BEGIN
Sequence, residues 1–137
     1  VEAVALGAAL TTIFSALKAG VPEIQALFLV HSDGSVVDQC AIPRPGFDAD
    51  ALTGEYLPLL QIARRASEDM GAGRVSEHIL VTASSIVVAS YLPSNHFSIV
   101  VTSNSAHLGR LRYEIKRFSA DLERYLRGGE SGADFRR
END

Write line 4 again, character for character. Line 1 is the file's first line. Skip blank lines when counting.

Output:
   101  VTSNSAHLGR LRYEIKRFSA DLERYLRGGE SGADFRR